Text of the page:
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I love this shield bugs too. And so do the kids. They are easy to catch without damaging them (!) and they crawl up jumpers slowly enough not to worry them.
I read the item about sedum mats for bird tables but wonder where I can purchase some without having to take out a loan to do it! I live in Eire and so far the quotes I've seen are in the £60 region because of the high cost of postage/packing and that's for the smallest size (250 x 500mm)! I haven't been able to source a local supply.
Richard, I laughed when I read your comments about the shield bugs - in South Africa I know them as Stink bugs...and try to avoid them at all costs!!! Maybe here in UK they have a milder smell, or we have differing nasal sensitivity!! I have a horrible memory from early childhood, when climbing the mulberry tree in our Pretoria garden and stuffing my mouth with fruit, I bit into a stinkbug.... believe me, I can recall that taste to this day.... some 50 years later!!
What do these Shieldbugs do? Are they a benefit to my garden? What do they eat? Thanks. Does anyone know what a Vine weevil - the adult that lays the eggs look like? Thanks Ann.


Thankyou for answering a question that I've been meaning to ask for years.The creature in your photo, I have them in my new garden and I had them in my old one.I didn't know whether they were friend or foe, but now I know they're a shieldbug. What do they eat? Slugs I hope!! But I suspect not or I would have heard about them before I suppose
Reply to Prompter: OK OK. No time no time no time. Here are some answers.

Reply to Compost Queen and Anne I got into trouble with a reader of a certain gardening magazine a few years ago. I blithely wrote that green shieldbugs were harmless in the garden, because even though they sucked plant sap, they mainly chose wild plants and never really caused a problem. I got a stinging letter from someone telling me that the bugs had destroyed her bean crop. I still maintain they are not pests...unless of course, they reach pest proportions. They are lovely things and certainly not worth persecuting.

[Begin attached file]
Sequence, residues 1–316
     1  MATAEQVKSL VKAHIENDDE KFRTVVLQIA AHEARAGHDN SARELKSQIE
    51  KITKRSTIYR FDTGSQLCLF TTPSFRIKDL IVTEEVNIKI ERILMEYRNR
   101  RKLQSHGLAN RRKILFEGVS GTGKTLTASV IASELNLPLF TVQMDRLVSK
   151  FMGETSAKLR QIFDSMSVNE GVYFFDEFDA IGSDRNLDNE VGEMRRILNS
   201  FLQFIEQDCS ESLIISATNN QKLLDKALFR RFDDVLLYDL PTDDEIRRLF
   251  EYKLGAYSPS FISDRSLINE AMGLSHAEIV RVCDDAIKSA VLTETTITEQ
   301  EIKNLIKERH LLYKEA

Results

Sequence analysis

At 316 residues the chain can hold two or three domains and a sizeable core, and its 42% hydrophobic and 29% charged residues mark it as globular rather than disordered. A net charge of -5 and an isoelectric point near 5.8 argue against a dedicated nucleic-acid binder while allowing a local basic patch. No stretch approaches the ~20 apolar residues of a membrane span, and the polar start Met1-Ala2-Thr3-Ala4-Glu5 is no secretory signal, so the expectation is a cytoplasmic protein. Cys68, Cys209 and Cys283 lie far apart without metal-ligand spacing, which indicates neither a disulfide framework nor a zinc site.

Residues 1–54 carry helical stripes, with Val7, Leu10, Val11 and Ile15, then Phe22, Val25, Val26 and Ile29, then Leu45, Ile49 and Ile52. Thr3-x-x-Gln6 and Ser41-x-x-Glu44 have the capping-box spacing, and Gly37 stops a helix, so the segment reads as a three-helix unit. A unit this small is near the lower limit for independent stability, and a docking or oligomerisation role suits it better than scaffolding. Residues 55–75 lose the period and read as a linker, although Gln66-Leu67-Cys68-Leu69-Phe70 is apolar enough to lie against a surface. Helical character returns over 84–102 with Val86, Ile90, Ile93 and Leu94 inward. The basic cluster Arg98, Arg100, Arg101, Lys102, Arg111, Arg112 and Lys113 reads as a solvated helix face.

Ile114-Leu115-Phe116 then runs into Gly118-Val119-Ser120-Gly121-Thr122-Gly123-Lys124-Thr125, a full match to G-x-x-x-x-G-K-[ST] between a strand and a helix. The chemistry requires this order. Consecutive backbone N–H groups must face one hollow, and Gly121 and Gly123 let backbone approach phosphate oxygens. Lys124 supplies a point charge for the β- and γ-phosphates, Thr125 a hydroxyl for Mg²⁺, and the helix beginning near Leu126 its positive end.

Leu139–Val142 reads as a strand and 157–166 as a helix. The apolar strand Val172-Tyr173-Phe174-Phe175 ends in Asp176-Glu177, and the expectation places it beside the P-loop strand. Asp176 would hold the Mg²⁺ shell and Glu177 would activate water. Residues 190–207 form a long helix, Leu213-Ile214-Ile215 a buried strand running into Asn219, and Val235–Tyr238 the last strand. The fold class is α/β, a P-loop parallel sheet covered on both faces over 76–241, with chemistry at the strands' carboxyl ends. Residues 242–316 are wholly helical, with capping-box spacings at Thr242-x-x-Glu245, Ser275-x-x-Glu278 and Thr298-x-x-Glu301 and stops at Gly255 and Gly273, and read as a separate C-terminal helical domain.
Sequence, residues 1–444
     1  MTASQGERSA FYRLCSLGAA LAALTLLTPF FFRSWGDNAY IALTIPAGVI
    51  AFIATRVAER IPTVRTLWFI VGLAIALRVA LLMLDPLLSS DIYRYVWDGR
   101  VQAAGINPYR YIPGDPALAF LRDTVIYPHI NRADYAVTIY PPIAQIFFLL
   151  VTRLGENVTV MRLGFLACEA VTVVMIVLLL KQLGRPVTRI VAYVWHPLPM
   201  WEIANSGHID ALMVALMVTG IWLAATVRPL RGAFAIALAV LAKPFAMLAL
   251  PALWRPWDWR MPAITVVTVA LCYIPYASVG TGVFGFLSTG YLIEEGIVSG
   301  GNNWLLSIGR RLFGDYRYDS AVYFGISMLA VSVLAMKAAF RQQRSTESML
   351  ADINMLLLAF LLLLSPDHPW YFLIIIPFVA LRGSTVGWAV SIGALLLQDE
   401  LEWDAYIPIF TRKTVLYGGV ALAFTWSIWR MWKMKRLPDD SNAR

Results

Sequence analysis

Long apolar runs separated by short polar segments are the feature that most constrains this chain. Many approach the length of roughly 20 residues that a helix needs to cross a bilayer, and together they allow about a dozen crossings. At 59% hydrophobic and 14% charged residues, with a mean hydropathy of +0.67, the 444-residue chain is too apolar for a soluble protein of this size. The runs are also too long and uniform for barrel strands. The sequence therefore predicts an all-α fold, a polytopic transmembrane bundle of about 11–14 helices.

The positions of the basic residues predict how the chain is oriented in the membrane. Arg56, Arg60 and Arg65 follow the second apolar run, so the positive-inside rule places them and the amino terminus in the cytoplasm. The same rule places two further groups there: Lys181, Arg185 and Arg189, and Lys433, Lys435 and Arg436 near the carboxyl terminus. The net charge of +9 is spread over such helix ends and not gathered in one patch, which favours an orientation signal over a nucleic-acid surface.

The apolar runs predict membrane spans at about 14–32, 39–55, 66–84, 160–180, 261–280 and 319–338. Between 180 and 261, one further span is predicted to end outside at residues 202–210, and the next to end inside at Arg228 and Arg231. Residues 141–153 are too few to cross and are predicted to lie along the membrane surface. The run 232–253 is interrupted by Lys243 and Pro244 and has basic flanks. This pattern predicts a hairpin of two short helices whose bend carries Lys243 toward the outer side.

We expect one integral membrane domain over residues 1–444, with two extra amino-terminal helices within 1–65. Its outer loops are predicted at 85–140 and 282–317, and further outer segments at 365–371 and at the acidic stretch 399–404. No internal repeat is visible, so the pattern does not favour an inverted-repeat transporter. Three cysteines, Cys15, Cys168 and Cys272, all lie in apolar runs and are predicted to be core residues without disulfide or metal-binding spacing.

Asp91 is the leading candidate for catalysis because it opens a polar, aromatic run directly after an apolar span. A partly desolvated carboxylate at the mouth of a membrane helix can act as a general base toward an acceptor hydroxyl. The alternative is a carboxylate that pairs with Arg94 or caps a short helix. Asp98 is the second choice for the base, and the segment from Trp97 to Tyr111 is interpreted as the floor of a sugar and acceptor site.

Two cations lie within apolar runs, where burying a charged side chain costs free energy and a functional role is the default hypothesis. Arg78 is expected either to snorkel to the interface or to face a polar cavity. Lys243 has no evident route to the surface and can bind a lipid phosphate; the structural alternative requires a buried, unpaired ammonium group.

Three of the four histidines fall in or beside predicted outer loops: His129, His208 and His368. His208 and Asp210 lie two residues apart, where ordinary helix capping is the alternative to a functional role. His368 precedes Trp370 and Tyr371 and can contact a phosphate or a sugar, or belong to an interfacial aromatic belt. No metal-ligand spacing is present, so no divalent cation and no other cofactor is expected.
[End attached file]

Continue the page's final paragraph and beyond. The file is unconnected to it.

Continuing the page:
Reply to Ros Green shieldbugs smell too. I think it's a nice smell, sort of rancid marzepan. But take care not to put it into your mouth because a marzepan or almond smell means Prussic acid, cyanide in other words. It really is a bitter taste and a good defence against birds trying to eat them.

Every year I run a bug hunt at Nunhead Cemetery in south-east London (17 May this year plug plug) and the children regularly bring a smaller relative, the bronze shieldbug. I put them into the palm of my hand and tap they to make them eject their scent then hold my cupped hand out for the kids to sniff. Some like the smell others don't. But by the end of the day my hand is stained brown.

And that reminds me of another the rainforests of Costa Rica a huge brown shieldbug came buzzing out of the sky and I caught it in my bare hands. It promptly ejected its cyanide defense. The smell didn't bother me, but the brown stain on my fingers took a fortnight to wear off. Powerful stuff.

I have a wood burning fire and would like to know the best use for the resulting ash in the garden.
I also have wood ash from a wood burning stove and other than garlic I'm not sure which plants would benefit from it. Does anyone know? Thanks Marjorie

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